A divorce is a legal judgment terminating a Nevada marriage. During divorce proceedings, a court determines the division of community property and alimony payments. If the couple has children under 18, the court also determines child custody and child support.
To help you better understand the divorce process in Nevada, our Las Vegas family law attorneys discuss the following, below:
- 1. Who can file for divorce in Nevada?
- 2. What are the grounds for a divorce in Nevada?
- 3. How do I file for divorce in Nevada?
- 3.1. What if my spouse lives out of state?
- 3.2. What if I don't know where my spouse is?
- 4. What is the divorce process in Nevada?
- 5. Separation agreements
- 6. How is marital property divided in Nevada?
- 7. How is spousal support (alimony) calculated in Nevada?
- 8. How are child custody and support determined?
- 9. How much does a divorce cost in Las Vegas?
- 10. How long does a divorce take in Las Vegas?
- 11. Are divorce proceedings public?
- 12. Why should I hire a Las Vegas divorce lawyer?
Also see our article on legal separations in Nevada, which is an alternative to divorce.
In order to file for divorce in Nevada, at least one of the spouses must have resided in the state for at least 6 weeks.1
The court may require proof of residency. A driver's license or other state-issued identification suffices. Or you can get an affidavit from an employer or other witness who can vouch that you live in the state.
You can also use divorce proceedings to dissolve a domestic partnership in Nevada (though you don't have to).
Nevada is a “no-fault” divorce state. People filing for divorce need only give one of three reasons:
- The spouses are incompatible,
- The spouses have lived separately for at least 1 year, or
- One spouse has been legally insane for at least 2 years before the other spouse files for divorce.2
See our article, If I married in Las Vegas, can I divorce in another state?
A person seeking a divorce must file a complaint with the district court. The proper court is the one located in the county where:
- The cause for divorce occurred; or
- Either spouse lives; or
- The couple last lived together.3
The other spouse then has the opportunity to file an answer and counterclaim. If the other spouse fails to do so, the divorce is considered uncontested. This is true even if only one party signed the documents.
See our relate articles, Does it matter who files for divorce first in Nevada? and Disadvantages of filing for divorce first in Nevada.
Only one party to the divorce needs to live in Nevada. The other spouse can complete any necessary forms by mail.
Or, if the other person is not cooperating, the person seeking the divorce can serve him or her with a summons and complaint.4
You can serve a summons and complaint by any means legal in the state where your spouse lives.
Your Las Vegas divorce attorney will know how to serve papers on a non-resident spouse.
People who do not know where their spouse is must take reasonable steps to find him or her. These steps are known as a “due diligence” search.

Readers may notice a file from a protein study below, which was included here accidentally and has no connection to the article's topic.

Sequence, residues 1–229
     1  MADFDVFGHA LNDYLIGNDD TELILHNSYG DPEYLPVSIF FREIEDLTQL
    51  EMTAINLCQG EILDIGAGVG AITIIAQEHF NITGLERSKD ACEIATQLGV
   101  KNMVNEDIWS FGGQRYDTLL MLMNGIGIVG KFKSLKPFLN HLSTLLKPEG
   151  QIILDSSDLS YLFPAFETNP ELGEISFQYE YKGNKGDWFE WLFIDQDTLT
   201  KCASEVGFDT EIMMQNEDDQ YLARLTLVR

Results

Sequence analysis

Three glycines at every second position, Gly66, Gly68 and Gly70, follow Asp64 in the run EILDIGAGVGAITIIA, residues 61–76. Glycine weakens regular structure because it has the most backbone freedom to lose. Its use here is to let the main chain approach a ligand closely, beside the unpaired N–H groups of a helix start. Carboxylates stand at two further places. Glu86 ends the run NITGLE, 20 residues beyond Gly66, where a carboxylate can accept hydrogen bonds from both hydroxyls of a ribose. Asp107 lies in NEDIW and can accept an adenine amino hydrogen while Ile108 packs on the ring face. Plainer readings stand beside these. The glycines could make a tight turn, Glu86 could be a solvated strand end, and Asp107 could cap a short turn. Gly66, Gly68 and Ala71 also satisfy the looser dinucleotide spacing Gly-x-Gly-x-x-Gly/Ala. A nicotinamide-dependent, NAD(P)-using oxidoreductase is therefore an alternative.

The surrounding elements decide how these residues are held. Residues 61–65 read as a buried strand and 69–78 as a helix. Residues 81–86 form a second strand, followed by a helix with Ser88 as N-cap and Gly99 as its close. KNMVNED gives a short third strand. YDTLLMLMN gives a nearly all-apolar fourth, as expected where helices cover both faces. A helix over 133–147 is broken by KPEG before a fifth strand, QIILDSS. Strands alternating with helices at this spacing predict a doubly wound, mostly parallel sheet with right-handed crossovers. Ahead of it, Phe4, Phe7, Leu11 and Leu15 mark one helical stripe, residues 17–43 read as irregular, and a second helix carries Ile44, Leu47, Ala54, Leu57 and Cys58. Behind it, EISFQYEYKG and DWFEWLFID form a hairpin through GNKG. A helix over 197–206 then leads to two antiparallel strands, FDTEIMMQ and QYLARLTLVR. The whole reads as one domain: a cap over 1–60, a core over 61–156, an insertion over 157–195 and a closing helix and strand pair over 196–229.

If a due diligence search does not turn up the missing spouse, Nevada law allows “service by publication” in a newspaper.
A due diligence search for a missing spouse requires the petitioner to check with:
- The post office,
- Utility companies,
- Telephone companies,
- Voter registration rolls,
- The tax assessor's office,
- The county recorder's office, and
- The missing spouse's former employers, family, friends and neighbors.
Afterward, if you still cannot locate your spouse, you can conduct a “divorce by publication.”
The first step to "divorce by publication" is to file an affidavit with the court.
An affidavit is a notarized statement. In it the person seeking the divorce states that:
- He/she has not seen nor heard from the missing spouse for nearly six months, and
- He/she does not know the spouse's current whereabouts.
The court then allows the spouse to serve the summons and complaint by publication in the Nevada Legal News or another newspaper.5 Publication must be made at least once a week for 4 weeks.
The missing spouse then has 20 days in which to file a response. If the missing spouse does not respond, the court will consider the divorce uncontested.
Nevada offers two types of divorce proceedings:
- Formal divorce proceedings, or
- Summary divorce.
Once the court has granted either type of divorce, it is final. The marriage is dissolved.
Couples use formal divorce proceedings when:
- One spouse is not cooperating, or
- There is a contested issue such as alimony or division of community property.
There is no jury trial in a Nevada divorce proceeding. A judge determines all questions of law and fact.
The judge will grant the divorce if it appears that grounds for divorce exist. The judge will also conduct hearings if requested by either party. During the hearing, the judge determines issues such as:
- Child custody and support,
- Alimony, and
- Division of marital assets.
The judge may also order one spouse to pay the other spouse's costs (including attorney fees) of the divorce proceeding.
See our related article about Nevada divorce trials.
Nevada has a streamlined divorce process known as “summary divorce" or "joint petition in Nevada." Couples can file for summary divorce when:
- They are in agreement about getting divorced, and
- They do not need a judge to allocate assets or parental rights.
To qualify for summary divorce, a couple must meet ALL of the following conditions: